systemd is a not so new Linux init system. It's default on Debian systems. This is the very first process to start when Linux boots - it's PID is 1:
$ ps aux USER PID %CPU %MEM VSZ RSS TTY STAT START TIME COMMAND root 1 0.0 0.1 139092 6876 ? Ss 14:03 0:01 /sbin/init $ file /sbin/init /sbin/init: symbolic link to /lib/systemd/systemd
I've been running systemd for a while. But thanks to it's System V init script compatibility I've never actually written any scripts for it.
I wanted to start a simple bash script after linux booted and I decided it's time to use systemd to take care of business.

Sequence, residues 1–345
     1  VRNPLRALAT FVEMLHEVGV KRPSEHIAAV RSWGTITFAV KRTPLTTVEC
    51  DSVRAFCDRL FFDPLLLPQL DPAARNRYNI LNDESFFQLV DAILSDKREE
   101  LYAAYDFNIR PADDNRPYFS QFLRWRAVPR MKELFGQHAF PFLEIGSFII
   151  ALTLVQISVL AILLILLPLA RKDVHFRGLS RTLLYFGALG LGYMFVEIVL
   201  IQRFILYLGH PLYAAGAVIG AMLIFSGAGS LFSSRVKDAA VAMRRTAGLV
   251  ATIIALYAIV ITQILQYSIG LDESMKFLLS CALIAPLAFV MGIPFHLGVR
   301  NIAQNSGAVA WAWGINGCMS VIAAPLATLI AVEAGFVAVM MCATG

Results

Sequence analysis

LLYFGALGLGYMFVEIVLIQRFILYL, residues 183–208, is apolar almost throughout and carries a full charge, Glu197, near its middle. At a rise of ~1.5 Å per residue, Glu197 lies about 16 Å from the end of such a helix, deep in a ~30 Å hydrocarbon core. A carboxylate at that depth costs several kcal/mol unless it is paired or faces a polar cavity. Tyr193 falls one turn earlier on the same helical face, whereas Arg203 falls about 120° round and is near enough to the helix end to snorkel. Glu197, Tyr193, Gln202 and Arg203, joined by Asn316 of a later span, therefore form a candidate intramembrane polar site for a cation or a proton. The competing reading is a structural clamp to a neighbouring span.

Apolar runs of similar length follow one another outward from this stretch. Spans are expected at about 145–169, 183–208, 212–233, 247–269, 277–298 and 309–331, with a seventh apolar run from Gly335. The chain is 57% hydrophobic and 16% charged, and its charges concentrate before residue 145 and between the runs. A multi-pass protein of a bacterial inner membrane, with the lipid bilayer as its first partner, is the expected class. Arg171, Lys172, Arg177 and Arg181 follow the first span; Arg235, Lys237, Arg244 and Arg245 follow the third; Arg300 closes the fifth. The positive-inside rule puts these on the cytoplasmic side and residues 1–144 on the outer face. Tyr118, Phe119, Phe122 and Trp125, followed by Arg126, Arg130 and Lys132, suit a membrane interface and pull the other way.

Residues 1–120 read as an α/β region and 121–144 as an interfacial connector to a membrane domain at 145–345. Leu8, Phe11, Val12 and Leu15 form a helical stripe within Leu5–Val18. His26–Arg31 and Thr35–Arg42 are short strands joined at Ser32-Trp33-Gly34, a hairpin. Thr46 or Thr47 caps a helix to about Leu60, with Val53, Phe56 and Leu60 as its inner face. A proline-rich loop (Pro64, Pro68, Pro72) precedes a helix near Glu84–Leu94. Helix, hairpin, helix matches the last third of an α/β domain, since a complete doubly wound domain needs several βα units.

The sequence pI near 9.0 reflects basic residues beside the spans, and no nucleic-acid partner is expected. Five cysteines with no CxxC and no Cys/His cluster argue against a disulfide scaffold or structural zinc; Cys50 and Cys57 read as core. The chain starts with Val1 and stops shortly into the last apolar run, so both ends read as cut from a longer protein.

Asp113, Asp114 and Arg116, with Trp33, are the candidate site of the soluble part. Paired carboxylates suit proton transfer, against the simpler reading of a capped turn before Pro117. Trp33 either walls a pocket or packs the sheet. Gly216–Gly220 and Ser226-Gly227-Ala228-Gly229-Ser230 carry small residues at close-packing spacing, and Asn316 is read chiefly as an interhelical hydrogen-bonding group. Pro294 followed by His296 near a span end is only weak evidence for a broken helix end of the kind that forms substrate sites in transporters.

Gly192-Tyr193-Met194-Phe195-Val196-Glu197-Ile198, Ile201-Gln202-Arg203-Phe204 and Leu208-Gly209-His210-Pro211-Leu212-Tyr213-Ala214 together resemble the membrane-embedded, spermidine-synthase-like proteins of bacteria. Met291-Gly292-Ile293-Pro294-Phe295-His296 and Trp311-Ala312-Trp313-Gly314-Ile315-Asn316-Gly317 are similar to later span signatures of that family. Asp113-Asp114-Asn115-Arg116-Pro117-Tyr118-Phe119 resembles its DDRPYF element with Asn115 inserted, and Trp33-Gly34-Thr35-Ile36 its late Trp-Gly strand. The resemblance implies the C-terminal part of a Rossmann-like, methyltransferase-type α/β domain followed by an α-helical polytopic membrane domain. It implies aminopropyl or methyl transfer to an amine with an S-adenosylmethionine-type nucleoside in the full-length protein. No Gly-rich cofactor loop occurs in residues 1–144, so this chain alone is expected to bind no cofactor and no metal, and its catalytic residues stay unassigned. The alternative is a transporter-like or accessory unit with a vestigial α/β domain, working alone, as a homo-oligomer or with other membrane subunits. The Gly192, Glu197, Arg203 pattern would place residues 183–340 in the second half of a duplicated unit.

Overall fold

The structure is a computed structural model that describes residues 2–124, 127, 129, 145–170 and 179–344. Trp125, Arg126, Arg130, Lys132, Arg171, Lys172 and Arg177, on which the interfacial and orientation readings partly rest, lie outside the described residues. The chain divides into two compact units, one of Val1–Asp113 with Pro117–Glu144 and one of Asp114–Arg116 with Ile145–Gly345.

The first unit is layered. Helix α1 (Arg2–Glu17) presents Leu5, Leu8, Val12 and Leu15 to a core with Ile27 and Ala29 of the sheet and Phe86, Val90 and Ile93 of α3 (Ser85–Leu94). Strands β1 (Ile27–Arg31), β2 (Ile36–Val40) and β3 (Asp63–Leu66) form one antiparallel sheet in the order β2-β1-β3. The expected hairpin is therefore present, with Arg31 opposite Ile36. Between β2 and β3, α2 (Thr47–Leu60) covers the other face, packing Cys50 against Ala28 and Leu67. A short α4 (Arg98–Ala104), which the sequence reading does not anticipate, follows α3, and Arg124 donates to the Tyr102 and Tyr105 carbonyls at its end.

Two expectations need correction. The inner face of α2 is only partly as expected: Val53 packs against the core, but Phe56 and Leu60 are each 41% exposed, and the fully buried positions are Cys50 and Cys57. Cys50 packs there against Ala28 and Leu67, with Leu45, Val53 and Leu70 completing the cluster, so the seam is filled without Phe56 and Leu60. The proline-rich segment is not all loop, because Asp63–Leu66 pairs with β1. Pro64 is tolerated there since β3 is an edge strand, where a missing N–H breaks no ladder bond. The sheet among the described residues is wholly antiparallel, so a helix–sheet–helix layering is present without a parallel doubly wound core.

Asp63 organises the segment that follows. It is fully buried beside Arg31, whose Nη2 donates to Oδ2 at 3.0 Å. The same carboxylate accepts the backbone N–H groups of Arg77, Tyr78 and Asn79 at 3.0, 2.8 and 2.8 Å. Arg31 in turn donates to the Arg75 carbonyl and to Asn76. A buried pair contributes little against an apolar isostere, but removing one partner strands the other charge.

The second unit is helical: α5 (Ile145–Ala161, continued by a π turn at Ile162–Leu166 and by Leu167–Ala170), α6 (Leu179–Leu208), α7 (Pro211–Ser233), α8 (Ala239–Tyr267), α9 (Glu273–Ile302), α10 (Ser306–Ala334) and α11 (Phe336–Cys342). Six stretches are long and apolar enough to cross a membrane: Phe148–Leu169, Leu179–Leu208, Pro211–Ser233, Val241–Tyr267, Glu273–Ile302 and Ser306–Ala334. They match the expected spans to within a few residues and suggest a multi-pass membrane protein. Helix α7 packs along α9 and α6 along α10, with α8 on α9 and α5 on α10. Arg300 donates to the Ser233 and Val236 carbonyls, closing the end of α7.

Unit files describe the services systemd manages. Very simple unit file that starts a bash script could be:
[Unit] Description=Starts some bash script [Service] WorkingDirectory=/home/povilas/ Type=forking ExecStart=/bin/bash my_script.sh KillMode=process [Install] WantedBy=multi-user.target
WantedBy option in the Install section means that this unit is wanted by multi-user.target unit. Meaning this unit becomes a dependency of multi-user.target unit.
Install unit file
Save the unit file to /etc/systemd/system/my_unit.service and enable it with:
# systemctl enable my_unit.service
Next time the OS boots, bash script will be executed.